Survival curves for intensive care patients with methicillin-susceptible Staphylococcus aureus (MSSA) bacteremia (n = 38) and their matched control subjects (n = 76) (log-rank test, P = .435; Wilcoxon test, P = .44).
A multivariate survival analysis showed acute renal failure to be independently associated with fatal outcome (HR, 3.24; 95% CI, 1.6-6.48; P<.001). Hemodynamic instability reached a level of borderline significance (HR, 1.54; 95% CI, 0.99-2.39; P = .06).
Population characteristics of cases and controls are given in Table 3. Compared with their controls, patients with MRSA bacteremia had a longer ICU stay, a longer ventilator dependence, more acute renal failure, and more hemodynamic instability. In this case-control analysis, an attributable mortality rate of 23.4% (95% CI, 6.5%-40.3%) was found, since mortality rates for cases and controls were respectively 63.8% and 40.4% (P = .02). Figure 3 demonstrates the survival curves for cases and controls. Although control subjects seem to die earlier, mortality did not significantly differ in the first weeks of ICU stay. Once most case patients developed their MRSA bacteremia (after a mean ICU stay of 20 days), curves cross and diverge further on during ICU and hospital stay. The observed mortality rate in the control group (40.4%) did not differ from the mortality rate that was expected on the basis of the APACHE II classification system (42.4%; 95% CI, 30.5%-50.3%).
Survival curves for intensive care patients with methicillin-resistant Staphylococcus aureus (MRSA) bacteremia (n = 47) and their matched control subjects (n = 94) (log-rank test, P = .12; Wilcoxon test, P = .40).
A multivariate analysis demonstrated the following variables to be independent predictors of mortality: length of ICU stay (HR, 1.02; 95% CI, 1.01-1.03; P<.001), APACHE II score (HR, 1.04; 95% CI, 1.02-1.06; P<.001), hemodynamic instability (HR, 1.76; 95% CI, 1.14-2.71; P = .01), and MRSA bacteremia (HR, 1.72; 95% CI, 1.10-2.68; P = .02). Acute renal failure reached a level of borderline significance (HR, 1.50; 95% CI, 0.97-2.34; P = .07).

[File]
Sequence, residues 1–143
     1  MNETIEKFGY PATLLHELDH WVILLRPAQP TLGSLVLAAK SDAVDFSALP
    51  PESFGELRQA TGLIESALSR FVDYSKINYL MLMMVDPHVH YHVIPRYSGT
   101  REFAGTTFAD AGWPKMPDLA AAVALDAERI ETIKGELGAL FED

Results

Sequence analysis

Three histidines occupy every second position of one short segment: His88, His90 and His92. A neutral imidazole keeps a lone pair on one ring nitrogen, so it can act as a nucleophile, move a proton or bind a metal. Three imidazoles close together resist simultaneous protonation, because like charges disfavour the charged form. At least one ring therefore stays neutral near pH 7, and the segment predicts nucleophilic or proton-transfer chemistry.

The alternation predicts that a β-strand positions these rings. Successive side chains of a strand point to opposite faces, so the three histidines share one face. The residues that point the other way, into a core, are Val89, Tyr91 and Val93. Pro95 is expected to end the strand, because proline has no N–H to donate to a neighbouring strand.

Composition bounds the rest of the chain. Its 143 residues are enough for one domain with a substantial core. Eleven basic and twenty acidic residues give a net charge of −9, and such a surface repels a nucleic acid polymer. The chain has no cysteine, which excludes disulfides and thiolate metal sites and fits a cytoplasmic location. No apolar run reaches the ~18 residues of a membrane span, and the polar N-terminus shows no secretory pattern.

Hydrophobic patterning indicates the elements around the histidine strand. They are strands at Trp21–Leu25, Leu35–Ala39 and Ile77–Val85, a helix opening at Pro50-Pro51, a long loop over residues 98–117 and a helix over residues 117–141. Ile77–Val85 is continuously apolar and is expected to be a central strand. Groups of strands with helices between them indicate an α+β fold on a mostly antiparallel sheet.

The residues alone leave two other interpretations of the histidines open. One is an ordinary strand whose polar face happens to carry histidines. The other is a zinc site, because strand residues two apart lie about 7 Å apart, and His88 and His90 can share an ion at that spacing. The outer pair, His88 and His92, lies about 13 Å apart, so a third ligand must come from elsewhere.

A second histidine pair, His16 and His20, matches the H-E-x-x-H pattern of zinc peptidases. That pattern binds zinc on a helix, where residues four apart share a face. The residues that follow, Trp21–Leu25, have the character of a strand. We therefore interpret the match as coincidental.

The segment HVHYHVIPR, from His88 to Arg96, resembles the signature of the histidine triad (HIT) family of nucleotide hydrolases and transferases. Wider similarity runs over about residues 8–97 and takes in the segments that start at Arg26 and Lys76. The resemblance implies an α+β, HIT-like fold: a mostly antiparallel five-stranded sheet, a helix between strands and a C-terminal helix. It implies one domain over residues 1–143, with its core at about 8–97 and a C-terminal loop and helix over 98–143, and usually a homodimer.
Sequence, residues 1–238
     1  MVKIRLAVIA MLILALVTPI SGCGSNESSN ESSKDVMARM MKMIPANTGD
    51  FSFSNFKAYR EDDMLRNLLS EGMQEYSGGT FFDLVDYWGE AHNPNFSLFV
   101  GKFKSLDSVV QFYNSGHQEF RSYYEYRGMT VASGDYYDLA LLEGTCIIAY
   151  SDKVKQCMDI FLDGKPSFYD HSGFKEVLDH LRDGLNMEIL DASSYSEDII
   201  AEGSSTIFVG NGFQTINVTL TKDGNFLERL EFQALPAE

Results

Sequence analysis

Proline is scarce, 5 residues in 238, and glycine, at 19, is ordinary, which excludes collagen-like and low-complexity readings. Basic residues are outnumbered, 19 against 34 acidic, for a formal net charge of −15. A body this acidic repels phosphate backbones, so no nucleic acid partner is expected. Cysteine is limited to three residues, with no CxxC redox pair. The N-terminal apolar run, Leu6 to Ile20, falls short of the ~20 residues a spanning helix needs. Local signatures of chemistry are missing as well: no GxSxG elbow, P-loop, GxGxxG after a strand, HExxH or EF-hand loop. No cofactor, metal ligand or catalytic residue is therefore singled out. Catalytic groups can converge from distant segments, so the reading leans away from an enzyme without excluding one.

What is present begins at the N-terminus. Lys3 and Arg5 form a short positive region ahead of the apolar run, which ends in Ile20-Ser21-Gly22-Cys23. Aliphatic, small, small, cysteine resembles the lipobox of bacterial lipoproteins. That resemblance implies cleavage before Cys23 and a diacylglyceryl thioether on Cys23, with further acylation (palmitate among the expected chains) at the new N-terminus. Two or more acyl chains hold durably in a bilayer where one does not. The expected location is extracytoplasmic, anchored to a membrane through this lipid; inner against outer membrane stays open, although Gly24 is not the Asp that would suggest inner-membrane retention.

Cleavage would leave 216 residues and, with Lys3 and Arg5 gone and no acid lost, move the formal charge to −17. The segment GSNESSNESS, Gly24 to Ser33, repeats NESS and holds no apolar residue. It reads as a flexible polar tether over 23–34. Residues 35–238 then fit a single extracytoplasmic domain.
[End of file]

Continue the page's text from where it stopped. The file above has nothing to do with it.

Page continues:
The difference between the attributable mortality rates of MSSA bacteremia (1.3%) and MRSA bacteremia (23.4%) was 22.1%. This difference was statistically significant (95% CI, 8.8%-35.3%).
Since methicillin resistance has become widespread, the debate whether MRSA bacteremia is associated with higher mortality than MSSA bacteremia has been ongoing. Because of important differences in population characteristics, outcome comparisons are difficult to perform. Patients infected with MRSA tend to be older, sicker, and more debilitated. In contrast with MSSA-infected patients, they mostly have a history of prior antibiotic use and a longer time of hospitalization.5,6,16- 22
Previous studies comparing outcomes in MSSA and MRSA bacteremia revealed some conflicting data. Most studies could not find a higher mortality rate among patients with bacteremia involving MRSA.2,17,23- 26 Other investigators found significantly higher fatality rates in patients with MRSA bacteremia.27,28 Probably the most powerful study concerning clinical outcomes in patients with MSSA and MRSA bacteremia was performed by Soriano et al.29 These authors compared 225 episodes of MRSA bacteremia with 683 episodes of MSSA bacteremia. In this cohort study, patients with MRSA bacteremia were older and sicker and had, as a consequence, a higher intrinsic mortality rate. Methicillin resistance was associated with shock, a variable recognized to be an independent predictor of mortality. Besides this cohort study, Soriano et al composed 163 matched pairs of patients with MSSA and MRSA bacteremia on basis of preexisting comorbidities, prognosis of underlying disease, and length of hospitalization prior to the bacteremia. Notwithstanding this matching procedure, there were still more comorbidity factors and a higher rate of shock and related mortality in the MRSA group. In a logistic regression analysis, methicillin resistance was not independently associated with shock and mortality. Based on this finding, the authors concluded that cohort studies tend to magnify the relationship of MRSA with clinical markers of microbial pathogenicity by inadequately controlling for underlying disease and, hence, previous studies might have overestimated the pathogenic impact of methicillin resistance. This may also account for our cohort study wherein, notwithstanding adjustments for comorbidity factors and APACHE II score, methicillin resistance appeared to be an independent predictor of mortality.